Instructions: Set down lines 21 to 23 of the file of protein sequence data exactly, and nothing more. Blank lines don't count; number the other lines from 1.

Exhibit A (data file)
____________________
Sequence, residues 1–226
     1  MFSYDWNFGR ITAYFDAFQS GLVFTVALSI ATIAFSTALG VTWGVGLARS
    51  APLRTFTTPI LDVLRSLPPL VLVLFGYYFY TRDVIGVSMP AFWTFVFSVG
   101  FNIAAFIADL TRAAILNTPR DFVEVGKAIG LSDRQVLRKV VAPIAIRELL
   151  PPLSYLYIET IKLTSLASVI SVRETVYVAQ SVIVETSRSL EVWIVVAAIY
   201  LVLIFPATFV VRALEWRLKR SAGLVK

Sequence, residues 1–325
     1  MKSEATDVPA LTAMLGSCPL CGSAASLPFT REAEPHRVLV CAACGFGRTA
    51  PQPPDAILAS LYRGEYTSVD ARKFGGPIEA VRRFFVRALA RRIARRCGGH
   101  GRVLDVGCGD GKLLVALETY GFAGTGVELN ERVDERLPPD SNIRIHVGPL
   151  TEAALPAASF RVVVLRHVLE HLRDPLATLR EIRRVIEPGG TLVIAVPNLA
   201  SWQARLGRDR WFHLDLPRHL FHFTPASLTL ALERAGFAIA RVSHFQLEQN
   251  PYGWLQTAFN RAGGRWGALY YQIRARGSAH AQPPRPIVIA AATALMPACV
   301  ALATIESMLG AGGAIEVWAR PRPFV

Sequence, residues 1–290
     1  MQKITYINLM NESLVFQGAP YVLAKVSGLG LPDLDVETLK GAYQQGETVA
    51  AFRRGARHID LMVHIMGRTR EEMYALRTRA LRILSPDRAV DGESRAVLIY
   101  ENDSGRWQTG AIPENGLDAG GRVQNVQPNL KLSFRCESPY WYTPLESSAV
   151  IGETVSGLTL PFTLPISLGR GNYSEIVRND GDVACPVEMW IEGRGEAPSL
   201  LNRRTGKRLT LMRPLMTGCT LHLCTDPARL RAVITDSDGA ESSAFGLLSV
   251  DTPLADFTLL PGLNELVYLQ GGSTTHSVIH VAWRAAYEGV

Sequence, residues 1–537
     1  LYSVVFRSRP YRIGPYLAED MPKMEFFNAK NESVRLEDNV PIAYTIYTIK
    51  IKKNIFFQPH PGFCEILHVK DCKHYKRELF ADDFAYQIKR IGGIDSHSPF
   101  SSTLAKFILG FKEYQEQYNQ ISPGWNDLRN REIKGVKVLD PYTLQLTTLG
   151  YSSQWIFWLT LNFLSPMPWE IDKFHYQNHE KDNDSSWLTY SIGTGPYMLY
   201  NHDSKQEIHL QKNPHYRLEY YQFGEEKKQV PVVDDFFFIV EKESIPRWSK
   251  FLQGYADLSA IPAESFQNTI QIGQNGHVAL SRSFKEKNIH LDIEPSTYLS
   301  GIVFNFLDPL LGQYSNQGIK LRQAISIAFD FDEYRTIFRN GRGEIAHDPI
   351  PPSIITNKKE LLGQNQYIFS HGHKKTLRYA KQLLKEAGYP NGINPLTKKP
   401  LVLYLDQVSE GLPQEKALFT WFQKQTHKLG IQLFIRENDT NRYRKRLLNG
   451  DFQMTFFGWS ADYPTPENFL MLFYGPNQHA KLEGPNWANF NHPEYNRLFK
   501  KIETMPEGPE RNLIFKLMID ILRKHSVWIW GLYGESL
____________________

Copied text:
   251  DTPLADFTLL PGLNELVYLQ GGSTTHSVIH VAWRAAYEGV

Sequence, residues 1–537
     1  LYSVVFRSRP YRIGPYLAED MPKMEFFNAK NESVRLEDNV PIAYTIYTIK